On a hockey tour in Malaysia and its has been interesting to observe the pace of development here in Kuala Lumpur. Everywhere you look there is a high rise block being built with work continuing well into the night – there is definitely a buzz about the place. However, as yet we haven’t ventured into the more rural parts of the country to experience first hand the local communities and their economies. Here is some information on the main characteristics of the economy:
* Malaysia is well-endowed with natural resources in areas such as agriculture, forestry and minerals.
* It is an exporter of natural and agricultural resources, the most valuable exported resource being petroleum.
* At one time, it was the largest producer of tin, rubber and palm oil in the world.
* In terms of agriculture, Malaysia is one of the top exporters of natural rubber and palm oil, which together with sawn logs and sawn timber, cocoa, pepper, pineapple and tobacco dominate the growth of the sector.
* Palm oil is also a major generator of foreign exchange.
Outlook for Malaysia from The World Bank
* Malaysia’s economy expanded to 5.1 percent in 2011.
* GDP growth exceeded earlier estimates because the Government stepped up public consumption spending towards the end of the year and also because of higher investments by public and private companies.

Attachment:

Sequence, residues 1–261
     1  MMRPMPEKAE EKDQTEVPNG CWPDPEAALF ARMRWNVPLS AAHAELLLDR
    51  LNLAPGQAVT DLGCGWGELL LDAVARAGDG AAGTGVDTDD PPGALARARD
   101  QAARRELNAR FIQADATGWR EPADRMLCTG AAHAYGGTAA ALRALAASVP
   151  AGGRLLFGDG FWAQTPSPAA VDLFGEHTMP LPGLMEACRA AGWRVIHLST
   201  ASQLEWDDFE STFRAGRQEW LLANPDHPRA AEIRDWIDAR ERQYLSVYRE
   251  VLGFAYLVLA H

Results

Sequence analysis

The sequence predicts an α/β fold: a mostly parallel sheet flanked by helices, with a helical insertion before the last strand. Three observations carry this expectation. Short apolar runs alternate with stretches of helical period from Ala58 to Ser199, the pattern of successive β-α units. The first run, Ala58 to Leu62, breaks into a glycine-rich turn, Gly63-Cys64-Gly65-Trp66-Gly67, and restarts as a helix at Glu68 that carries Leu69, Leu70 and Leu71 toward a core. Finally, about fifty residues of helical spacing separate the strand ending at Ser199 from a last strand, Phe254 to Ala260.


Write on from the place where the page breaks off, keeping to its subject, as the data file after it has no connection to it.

* GDP is expected to continue to expand healthily in 2012 by 4.6 percent in 2012 and, assuming the global economic recovery picks up, 5.1 percent in 2013.
* Inflation has started to decline, with stabilizing food prices and falling transport costs.
* Unemployment held steady at low levels. Job creation was healthy, accommodating new workers and a higher participation rate.
* Jobs lie at the core of a strategy to achieve Malaysia‘s objective of becoming a high-income economy that benefits all Malaysians. In this regard, Malaysia needs to create more “modern jobs” and modernize its labor markets. ‘Modern jobs’ involve a higher and more diverse set of skills such as communication, problem-solving, and proficiency in modern information technology. Modern firms in a high-income economy derive their competitiveness from the productivity and talent of their workers, not low wages.